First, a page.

In May, President Trump stood before the American people, ostensibly to make good on a campaign promise that he would dramatically improve the lot of average, ordinary people by actively working to curb runaway prescription drug prices. The president, who has verbally eviscerated the pharmaceutical industry with great dramatic flair - once claiming that they were “getting away with murder” - announced what he contended was a sweeping plan to rein in the cost of prescription medicines.
In actuality, however, his proposal is more placebo than actual cure.
As with other politicians before him, Trump is aware that the pharmaceutical industry enjoys roughly the same level of popular support as Congress. This makes it an ideal target for righteous bluster, especially as so many drug companies have profited mightily, even as everyday citizens have become addicted to some of their products and find it increasingly difficult to absorb the rising costs of prescription medicines.
With the same level of modesty that has typified his time as president, Trump declared his plan the “most sweeping action in history to lower the price of prescription drugs for the American people.” In terms of substance, however, it falls more than a little short of such lofty praise.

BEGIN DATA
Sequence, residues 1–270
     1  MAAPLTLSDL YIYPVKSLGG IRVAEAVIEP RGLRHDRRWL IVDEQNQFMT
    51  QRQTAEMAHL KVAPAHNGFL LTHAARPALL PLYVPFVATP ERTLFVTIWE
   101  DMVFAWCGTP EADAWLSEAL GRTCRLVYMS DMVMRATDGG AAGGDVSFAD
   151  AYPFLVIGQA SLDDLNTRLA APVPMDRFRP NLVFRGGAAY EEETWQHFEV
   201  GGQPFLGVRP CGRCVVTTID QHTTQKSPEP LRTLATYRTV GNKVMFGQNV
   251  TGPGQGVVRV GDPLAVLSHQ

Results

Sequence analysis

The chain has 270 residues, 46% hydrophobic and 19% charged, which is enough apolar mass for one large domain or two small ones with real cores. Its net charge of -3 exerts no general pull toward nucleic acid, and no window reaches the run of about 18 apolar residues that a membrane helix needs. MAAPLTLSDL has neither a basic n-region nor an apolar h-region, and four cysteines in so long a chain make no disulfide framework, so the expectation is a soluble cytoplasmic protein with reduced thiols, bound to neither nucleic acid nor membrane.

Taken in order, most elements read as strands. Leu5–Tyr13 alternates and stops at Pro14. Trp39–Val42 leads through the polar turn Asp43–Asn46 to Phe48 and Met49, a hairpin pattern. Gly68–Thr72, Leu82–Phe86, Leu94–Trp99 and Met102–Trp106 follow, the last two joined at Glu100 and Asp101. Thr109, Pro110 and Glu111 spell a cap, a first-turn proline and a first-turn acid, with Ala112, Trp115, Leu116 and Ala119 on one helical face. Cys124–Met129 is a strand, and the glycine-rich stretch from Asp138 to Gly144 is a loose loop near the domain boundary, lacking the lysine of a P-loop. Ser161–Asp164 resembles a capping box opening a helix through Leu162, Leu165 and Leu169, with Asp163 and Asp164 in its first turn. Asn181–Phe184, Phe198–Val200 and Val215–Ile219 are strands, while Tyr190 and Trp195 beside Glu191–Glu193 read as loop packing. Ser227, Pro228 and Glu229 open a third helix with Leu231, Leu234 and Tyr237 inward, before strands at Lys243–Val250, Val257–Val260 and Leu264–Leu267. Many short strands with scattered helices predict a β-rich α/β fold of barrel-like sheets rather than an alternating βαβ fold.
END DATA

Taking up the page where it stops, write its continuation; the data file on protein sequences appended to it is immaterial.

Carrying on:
The American pharmaceutical system stands in sharp contrast to much of the rest of the developed world. In many industrialized nations, governments regulate the costs of most prescription medicines.
Trump indirectly alluded to this fact in his speech. However, rather than praising other governments he instead condemned these same nations for extorting lower medication prices from American drug manufacturers.
The pharmaceutical industry undoubtedly breathed a collective and considerable sigh of relief after Trump’s self-proclaimed grand pronouncement. All that remains to be seen now is whether the American people realize that instead of being offered a prescription for change, all they have truly received is a placebo; a simple sugar pill that ultimately offers nothing.
The Cape Cod Times